Tags: Hatchery management | Whitepaper
August 27 2010,
During a long, intercontinental flight recently, I found myself contemplating one of the first visits I ever made to a customer hatchery for Pas Reform, somewhere towards the end of 2003. I had just accepted my new position - and this visit was to a client in Asia, where they had very recently made the change from multistage to single stage incubation.
When I arrived, the hatchery had already processed several hatches with their new single-stage equipment - and I received an enthusiastic welcome. One person said hatchability had increased by five per cent, with another citing an increase of as much as seven per cent. Importantly, they were very happy with the quality of the chicks, having previously found substantial variations ranging from dehydrated chicks with long wing feathers, to chicks still being wet at the moment of pulling. After the switch to single-stage incubation, they found the chicks much more uniform in appearance. In those days, the term "hatch window" was not widely used. Today, we would describe their observations as the result of a reduced hatch window.
When asked if they knew how many hours before chick take-off the first chicks usually hatched using multi-stage incubation, I was advised that relative humidity in the hatcher spontaneously rose above the fixed set point of fifty-three per cent around 4.00 – 6.00 p.m., two days before chick take-off, which was routinely started at 6.00 a.m. At the point of chick take-off, some chicks were usually still freeing themselves of their shell, while others were still quite wet. However the hatchery could not afford to wait any longer to pull the hatched chicks, as this would cause too much dehydration in those that hatched first.
Based on these observations, I calculated a hatch window of around 36 hours and over. However with single-stage incubation, relative humidity increased spontaneously at around midnight, 6 – 8 hours later than before. And at chick take-off, virtually all the chicks were dry, with no signs of dehydration. This indicated a hatch window of approximately 24 hours, taking into consideration an allowance of 6 – 8 hours for just hatched chicks to dry.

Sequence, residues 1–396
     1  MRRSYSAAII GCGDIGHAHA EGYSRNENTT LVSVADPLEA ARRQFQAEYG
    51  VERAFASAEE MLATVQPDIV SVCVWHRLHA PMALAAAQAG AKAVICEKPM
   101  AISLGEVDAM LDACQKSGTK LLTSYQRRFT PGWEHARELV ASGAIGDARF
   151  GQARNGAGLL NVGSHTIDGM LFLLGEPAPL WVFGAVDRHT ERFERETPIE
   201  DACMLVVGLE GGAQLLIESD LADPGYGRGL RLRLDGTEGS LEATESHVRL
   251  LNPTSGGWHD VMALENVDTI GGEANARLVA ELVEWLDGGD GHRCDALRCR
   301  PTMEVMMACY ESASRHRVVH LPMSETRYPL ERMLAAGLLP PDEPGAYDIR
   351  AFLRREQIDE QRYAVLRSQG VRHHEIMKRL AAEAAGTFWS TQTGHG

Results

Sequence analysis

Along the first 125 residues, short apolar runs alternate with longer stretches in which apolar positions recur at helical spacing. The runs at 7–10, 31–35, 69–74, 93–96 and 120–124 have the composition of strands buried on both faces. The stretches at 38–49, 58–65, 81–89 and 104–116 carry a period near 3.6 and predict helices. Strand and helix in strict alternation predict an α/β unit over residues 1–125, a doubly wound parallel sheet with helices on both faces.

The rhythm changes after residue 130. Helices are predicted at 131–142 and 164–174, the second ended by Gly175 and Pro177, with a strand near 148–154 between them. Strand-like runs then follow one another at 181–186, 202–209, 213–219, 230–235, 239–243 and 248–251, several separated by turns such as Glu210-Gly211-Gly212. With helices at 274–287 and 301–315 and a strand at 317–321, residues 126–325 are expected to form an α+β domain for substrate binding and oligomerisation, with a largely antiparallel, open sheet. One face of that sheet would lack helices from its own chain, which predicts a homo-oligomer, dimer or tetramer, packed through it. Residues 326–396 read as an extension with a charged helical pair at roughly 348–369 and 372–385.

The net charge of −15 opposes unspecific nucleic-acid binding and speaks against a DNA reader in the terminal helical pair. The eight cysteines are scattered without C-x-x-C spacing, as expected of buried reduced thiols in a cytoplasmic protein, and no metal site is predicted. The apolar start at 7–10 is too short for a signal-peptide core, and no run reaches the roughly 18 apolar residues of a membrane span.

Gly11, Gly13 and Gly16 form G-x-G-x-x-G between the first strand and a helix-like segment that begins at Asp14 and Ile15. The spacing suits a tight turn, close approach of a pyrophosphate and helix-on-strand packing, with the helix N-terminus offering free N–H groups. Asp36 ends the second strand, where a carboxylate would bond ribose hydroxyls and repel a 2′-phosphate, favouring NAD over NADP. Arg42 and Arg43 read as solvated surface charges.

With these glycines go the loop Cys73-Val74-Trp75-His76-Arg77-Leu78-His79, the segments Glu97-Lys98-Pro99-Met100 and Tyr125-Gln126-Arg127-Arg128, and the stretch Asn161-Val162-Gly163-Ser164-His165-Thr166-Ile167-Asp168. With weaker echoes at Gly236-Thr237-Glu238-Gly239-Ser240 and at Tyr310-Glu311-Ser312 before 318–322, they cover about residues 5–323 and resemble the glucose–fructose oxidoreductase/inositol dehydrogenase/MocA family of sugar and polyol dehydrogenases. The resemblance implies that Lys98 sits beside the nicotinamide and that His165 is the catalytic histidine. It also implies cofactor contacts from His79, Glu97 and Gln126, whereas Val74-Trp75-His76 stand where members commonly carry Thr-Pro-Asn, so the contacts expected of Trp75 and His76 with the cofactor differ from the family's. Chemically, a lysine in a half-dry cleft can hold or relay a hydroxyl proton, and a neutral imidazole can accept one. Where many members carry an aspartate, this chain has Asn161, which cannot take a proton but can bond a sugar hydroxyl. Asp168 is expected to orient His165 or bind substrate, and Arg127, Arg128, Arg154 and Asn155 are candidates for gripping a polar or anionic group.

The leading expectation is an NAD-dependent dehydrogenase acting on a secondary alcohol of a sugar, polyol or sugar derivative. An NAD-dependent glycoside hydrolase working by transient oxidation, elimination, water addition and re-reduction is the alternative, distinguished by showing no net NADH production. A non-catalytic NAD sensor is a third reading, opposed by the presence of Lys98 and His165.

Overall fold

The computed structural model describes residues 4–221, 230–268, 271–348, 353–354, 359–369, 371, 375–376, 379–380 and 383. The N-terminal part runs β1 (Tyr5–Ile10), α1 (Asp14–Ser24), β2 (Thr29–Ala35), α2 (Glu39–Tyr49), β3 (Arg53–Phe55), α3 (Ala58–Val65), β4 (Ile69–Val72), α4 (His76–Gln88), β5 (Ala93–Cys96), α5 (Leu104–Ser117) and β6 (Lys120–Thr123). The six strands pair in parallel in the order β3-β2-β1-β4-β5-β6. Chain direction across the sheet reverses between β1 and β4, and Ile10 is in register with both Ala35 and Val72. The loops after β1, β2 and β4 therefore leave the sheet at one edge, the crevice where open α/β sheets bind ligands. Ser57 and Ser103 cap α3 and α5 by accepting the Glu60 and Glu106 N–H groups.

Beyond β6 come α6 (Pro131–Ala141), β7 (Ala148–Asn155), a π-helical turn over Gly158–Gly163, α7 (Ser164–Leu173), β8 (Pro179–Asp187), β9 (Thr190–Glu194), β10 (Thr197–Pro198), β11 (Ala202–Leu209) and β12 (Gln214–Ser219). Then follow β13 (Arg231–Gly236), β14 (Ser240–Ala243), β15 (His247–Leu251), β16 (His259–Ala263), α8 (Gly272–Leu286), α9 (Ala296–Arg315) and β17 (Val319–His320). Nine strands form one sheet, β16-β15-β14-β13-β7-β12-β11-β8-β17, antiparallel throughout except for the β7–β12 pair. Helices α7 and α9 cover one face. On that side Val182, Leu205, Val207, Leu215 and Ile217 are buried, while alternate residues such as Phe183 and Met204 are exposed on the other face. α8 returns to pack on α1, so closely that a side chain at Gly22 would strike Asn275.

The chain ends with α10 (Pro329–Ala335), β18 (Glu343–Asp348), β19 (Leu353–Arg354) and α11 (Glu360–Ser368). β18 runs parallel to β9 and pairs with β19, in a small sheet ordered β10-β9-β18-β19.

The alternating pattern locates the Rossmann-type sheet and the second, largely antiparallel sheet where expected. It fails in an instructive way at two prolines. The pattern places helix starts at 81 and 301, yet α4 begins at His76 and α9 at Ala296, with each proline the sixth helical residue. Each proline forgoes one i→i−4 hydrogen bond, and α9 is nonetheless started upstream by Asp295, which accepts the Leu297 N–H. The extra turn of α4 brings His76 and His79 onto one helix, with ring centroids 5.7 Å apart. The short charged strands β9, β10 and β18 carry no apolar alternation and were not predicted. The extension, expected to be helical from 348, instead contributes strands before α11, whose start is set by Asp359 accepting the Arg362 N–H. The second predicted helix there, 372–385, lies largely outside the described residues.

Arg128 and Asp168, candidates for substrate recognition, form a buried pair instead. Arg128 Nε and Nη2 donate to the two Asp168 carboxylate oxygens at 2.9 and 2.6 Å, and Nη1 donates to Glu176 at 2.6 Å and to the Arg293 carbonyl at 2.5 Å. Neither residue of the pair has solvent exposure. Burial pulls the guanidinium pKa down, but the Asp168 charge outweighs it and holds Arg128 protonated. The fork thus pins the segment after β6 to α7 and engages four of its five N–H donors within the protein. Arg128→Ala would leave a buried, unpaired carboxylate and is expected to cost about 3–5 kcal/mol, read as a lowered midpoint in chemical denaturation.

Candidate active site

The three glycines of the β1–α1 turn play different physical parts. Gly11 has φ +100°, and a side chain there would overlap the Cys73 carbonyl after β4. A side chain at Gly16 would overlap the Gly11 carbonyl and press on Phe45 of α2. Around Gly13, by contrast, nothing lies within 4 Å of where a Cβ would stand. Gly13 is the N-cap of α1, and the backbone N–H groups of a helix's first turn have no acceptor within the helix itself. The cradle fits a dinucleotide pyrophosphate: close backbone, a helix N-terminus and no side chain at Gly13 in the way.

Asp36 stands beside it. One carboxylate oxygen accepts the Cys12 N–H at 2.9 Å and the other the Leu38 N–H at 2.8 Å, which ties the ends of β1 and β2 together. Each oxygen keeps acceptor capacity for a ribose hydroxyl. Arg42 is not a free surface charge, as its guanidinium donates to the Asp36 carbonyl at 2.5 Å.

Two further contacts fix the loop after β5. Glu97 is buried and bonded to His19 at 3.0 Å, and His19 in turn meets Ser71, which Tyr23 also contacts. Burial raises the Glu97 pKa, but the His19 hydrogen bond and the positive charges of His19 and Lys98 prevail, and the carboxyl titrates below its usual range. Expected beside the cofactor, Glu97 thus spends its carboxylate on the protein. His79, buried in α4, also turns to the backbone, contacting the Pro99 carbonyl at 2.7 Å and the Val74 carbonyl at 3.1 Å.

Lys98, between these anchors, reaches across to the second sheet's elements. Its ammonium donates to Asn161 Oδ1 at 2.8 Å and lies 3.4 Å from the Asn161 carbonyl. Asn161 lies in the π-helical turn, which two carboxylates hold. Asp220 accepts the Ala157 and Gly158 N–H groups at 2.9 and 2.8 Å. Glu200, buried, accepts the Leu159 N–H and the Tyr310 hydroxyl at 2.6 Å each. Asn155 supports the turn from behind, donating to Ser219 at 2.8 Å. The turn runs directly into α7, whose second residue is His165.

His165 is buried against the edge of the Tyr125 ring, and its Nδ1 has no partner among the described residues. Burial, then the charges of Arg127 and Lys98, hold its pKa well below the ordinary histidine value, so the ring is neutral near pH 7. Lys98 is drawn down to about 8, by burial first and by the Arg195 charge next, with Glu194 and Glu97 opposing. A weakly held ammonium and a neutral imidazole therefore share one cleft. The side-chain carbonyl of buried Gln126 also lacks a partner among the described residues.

A few years later – and based on the hatchery's earlier experience and results with single-stage incubation - the same integration opened another hatchery with new generation, modular single-stage machines. Here I met a very serious, relatively inexperienced young hatchery manager, who was eager for tips to get good results. Our agent and I agreed to invest some extra time in training him, giving him detailed, step-by-step instructions against which he made careful notes.
My first advice to him was that he should not focus solely on high hatchability, but also on achieving uniform batches of high quality, day-old-chicks - as uniformity is a prerequisite for optimal management in the broiler farms.
To achieve uniform batches, I advised him to set eggs with as similar a background as possible. Combining short stored eggs and long stored eggs, or eggs from both young and old breeder flocks together, will lead to greater variation in the chicks hatching from these eggs. He asked me how much difference in storage time and breeder flock age was acceptable, to which I replied three-to-four days and five weeks respectively, for the period in the setter. However, during transfer to the hatcher, he should try to keep the batches of eggs separated as much as possible. When the batches of eggs set in one setter differed too much in background, he could, I explained, select different temperature set points per section, to gain back some of the lost uniformity. I also explained that preheating the eggs in the setter prior to incubation, e.g. five hours at 77ºF (25ºC), would help to start the incubation process for all embryos more equally, which ultimately would lead to a shorter hatch window. There was no need to explain the importance of uniform temperature distribution, as this had been an important deciding factor in choosing the supplier of equipment for this new hatchery.
We agreed that the hatchery manager would update our agent regularly with the results he achieved - and through him, I would be informed. In this way, the hatchery manager could also ask questions as they arose.
According to the information I received, this hatchery manager regularly achieved a hatch window of 12 – 18 hours. The management of the integration praised their young manager for the good, uniform chick quality he delivered from this hatchery. Their chicks made a very good start in the broiler farms, with 7-day body weights typically way above target. This translated into an improved feed conversion ratio of 4 points - which in a setter of 115,200 egg places (17 cycles/year), with 85% hatchability, 95% liveability and a delivery weight of 2.2 kilograms, equals 139,164 kilos of feed saved per year.